WISHING ON THE WILD CARD
In doing such damage to the Red Sox, the Yankees have helped to recast the wild card race. Seven days ago, the Red Sox had a 2.5-game lead on the Rangers and a 5.5-game lead over the Rays. Five straight losses later, the Rangers are a game out and the Rays are 1.5 out. The Rays have six games remaining with the Red Sox and seven with the Yankees (and three with the Rangers next week), so if they just hang in they’re going to have a chance to make noise right until the very end… If you’re thinking about how the Yankees might best avoid seeing the Angels this fall, the Red Sox are 4-2 against the Angels, the Rays 1-2 (they play this week), the Rangers 3-8.
? When Manny Ramirez was suspended, he was hitting .348/.492/.641. Since returning, he’s hit .262/.363/.514. That’s still good, but it’s more like Nick Swisher than Manny Ramirez.
? With Saturday’s seven shutout innings against the Tigers, Carl Pavano is 4-0 with a 1.48 ERA against Detroit, 6-8 with a 6.61 ERA against everyone else.
? When Carlos Lee hit his 300th career home run last night, the Astros became the only team to have three players reach that mark in the same season. This sums up the whole problem with the Astros.
? That Josh Willingham is having a terrific year (.309/.417/.595) shouldn’t be a surprise–his numbers were neutered by the Marlins’ ballpark. He always had it in him to be this kind of hitter.
DISTANT EARLY WARNING
I’ll be hosting a live chat at Baseball Prospectus on Thursday at 1 PM EST. As always, if you can’t make it to the event itself, you can put your questions in the queue at the link above and I’ll look ’em over when we start up. I look forward to exchanging thoughts with y’all.
I enjoyed my BP colleague Christina Kahrl’s take on the Dodgers’ acquisition of George Sherrill from the Orioles for prospective third baseman Josh Bell and righty Steve Johnson:
Torre had his talents, no doubt about it, but he did become spectacularly risk-averse in the bullpen. Most managers are, but Torre reached an extreme. As I’ve remarked before, Joe Girardi has “made” more Major League relievers in less than two years running the Yankees than Torre did in his last five years, perhaps longer.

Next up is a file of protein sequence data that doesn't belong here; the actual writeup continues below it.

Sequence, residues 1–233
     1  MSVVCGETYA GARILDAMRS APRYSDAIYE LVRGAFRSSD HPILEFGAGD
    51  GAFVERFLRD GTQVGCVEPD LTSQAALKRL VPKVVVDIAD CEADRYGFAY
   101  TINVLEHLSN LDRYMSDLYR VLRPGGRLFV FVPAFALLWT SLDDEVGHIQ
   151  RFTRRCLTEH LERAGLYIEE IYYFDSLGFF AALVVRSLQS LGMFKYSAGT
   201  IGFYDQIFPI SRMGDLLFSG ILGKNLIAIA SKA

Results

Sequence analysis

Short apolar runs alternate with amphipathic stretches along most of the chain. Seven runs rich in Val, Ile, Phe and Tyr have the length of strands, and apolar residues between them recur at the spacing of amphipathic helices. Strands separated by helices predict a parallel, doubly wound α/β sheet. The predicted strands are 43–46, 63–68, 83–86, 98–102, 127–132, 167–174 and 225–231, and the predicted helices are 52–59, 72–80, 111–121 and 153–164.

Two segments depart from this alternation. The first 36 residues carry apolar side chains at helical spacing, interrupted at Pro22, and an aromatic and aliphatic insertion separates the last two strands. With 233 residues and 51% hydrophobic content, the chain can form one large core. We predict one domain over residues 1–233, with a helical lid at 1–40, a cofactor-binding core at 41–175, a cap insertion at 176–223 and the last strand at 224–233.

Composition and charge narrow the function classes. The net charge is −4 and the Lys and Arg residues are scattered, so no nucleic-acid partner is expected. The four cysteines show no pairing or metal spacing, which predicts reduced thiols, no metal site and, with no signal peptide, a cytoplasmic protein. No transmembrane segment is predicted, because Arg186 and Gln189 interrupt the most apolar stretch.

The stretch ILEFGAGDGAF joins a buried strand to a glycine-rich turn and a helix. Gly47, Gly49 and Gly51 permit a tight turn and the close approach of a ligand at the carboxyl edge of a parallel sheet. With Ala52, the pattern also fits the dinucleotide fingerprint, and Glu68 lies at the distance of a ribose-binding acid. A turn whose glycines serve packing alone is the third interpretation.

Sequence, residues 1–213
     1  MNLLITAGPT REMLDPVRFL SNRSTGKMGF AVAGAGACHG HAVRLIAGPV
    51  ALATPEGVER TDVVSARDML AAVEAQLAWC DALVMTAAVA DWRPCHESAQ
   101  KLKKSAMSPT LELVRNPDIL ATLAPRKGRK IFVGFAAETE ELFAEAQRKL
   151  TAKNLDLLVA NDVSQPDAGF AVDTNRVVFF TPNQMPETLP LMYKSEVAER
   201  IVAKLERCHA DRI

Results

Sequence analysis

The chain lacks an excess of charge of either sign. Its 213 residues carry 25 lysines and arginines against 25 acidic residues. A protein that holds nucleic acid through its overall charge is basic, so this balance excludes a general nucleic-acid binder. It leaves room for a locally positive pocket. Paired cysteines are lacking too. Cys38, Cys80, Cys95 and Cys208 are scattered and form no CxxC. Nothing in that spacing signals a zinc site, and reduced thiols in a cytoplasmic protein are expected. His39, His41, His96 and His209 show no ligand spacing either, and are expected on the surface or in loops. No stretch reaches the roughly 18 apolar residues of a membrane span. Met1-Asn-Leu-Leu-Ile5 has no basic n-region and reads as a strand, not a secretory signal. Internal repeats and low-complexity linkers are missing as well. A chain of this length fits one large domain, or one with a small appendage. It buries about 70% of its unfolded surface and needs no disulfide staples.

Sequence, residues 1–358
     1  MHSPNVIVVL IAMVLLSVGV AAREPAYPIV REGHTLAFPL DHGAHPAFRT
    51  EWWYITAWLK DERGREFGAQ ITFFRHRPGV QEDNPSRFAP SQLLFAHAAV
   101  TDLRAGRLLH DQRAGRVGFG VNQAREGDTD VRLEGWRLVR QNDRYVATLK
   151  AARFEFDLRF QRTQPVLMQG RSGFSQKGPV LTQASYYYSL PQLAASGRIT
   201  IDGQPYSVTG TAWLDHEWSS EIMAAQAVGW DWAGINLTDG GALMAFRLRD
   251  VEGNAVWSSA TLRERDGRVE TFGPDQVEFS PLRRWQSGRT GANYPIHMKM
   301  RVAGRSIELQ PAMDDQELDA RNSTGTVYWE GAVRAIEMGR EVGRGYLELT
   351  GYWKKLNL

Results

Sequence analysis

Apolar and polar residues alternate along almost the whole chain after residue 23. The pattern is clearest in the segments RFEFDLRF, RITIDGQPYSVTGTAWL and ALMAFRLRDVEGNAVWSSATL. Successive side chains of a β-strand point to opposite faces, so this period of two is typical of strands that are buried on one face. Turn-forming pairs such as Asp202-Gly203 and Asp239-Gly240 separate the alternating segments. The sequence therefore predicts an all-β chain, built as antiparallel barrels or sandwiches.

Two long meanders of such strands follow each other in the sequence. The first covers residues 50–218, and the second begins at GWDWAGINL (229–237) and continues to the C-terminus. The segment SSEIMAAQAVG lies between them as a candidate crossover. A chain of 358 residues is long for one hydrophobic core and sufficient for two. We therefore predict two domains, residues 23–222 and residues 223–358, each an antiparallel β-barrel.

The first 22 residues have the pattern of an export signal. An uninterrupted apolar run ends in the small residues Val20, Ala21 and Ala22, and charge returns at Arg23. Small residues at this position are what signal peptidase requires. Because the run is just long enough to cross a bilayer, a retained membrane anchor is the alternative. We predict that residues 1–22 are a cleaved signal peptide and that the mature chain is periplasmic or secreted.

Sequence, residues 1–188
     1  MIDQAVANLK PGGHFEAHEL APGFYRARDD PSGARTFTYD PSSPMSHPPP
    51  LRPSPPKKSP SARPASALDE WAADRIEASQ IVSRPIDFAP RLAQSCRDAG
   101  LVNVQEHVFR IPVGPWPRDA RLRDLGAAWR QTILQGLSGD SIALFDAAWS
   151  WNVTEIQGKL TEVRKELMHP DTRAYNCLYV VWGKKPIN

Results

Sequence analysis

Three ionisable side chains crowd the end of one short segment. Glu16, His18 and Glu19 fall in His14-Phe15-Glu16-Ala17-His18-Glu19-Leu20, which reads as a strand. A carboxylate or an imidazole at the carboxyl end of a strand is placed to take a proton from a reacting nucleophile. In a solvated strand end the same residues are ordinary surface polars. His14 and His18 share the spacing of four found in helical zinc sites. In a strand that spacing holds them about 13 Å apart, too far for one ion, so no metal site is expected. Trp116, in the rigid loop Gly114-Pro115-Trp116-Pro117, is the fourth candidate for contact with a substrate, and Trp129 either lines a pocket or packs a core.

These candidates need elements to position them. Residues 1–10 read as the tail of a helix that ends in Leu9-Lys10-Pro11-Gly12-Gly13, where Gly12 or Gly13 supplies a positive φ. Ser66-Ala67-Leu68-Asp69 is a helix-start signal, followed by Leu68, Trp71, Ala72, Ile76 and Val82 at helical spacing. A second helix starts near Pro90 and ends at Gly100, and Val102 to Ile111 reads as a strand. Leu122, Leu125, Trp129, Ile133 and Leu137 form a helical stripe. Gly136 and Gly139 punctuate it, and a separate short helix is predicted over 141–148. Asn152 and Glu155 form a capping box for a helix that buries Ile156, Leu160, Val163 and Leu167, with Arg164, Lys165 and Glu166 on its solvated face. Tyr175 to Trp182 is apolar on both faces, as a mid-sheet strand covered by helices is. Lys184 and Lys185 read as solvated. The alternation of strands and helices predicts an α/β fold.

If you’re the Orioles, you wish you could have done more than this, but the organization isn’t willing to move Brian Roberts, while Melvin Mora and Aubrey Huff haven’t been productive enough to excite anyone. Still, in Bell they added the possible replacement for Mora, and none too soon. There’s some question as to whether Bell can stay at third, and the club still desperately needs help at shortstop, but this is a start.
The Red Sox made an excellent move in picking up Victor Martinez. They received an offensively talented catcher-first baseman who can spell Jason Varitek, Kevin Youkilis, or, by pushing Youkilis to third base, Mike Lowell. Martinez can’t throw, but Varitek can’t either, so no big loss there. Martinez can belong to the Red Sox for another year if they pick up his $7.5 million option, which seems like a no-brainer. The one risk here is that Martinez has been in a severe slump; in his last 30 games he’s hit .161/.268/.279.
The acquisition of Martinez rendered Adam LaRoche redundant, so he was swapped off to the Braves for Casey Kotchman. Kotchman is the New Millennium Doug Mientkiewicz, and he’ll take on that role for the Sox. A greater role in the future will depend on this offseason. If Varitek wants to come back, he has the contractual right to do so, and that could block up the catchers’ position a bit. Mike Lowell has another year to go on his deal, and has no-trade protection. David Ortiz is also signed for another year.
The Braves made an odd deal here, picking up an imminent free agent who isn’t a great hitter for a first baseman. True, Kotchman hadn’t hit like on either, but he’s better at getting on base and is the superior gloveman. The Bravos may do well in the short term given that LaRoche is a second-half hitter, but the gain here is likely small and they may be in possession of neither player by November.
These moves will have an impact on the Yankees as they fight the Red Sox the rest of the way. The Sox have hit well in their own ballpark, averaging 5.7 runs per game in the Fens, but have hit just .252/.336/.402 on the road with an average of 4.6 runs per game. The league-average offense scores 4.7. How the addition of Martinez benefits the Red Sox depends on how they spot him to best advantage in different pitcher match-ups, and if they’re willing to cut into David Ortiz’s playing time now and again or bench Mike Lowell against the odd right-hander in road games. In addition, the deal cost the Sox Justin Masterson the versatile swingman. They might miss having him around.
In terms of the moves the Yankees did not make, it’s a bit surprising to see the long-coveted Jarod Wasburn go to the Tigers for two left-handed pitching prospects, Luke French, who has pitched seven games in the majors this year with strong results, and Mauricio Robles, an A-ball pitcher. Neither is a high-value prospect, just “interesting,” and it seems odd that the Yankees couldn’t have made a competitive offer had they wanted to do so. Now they have the choice of sticking with Sergio Mitre, pulling Phil Hughes out of the bullpen, or trying another minor leaguer, either another retread like (choke) Kei Igawa, or go with an untried pitcher such as Scranton’s George Kontos or Trenton’s Zach McAllister (currently on the disabled list with a “tired arm”). Given Mitre’s track record, they have very little to lose by rolling the dice on anyone this side of Sidney Ponson.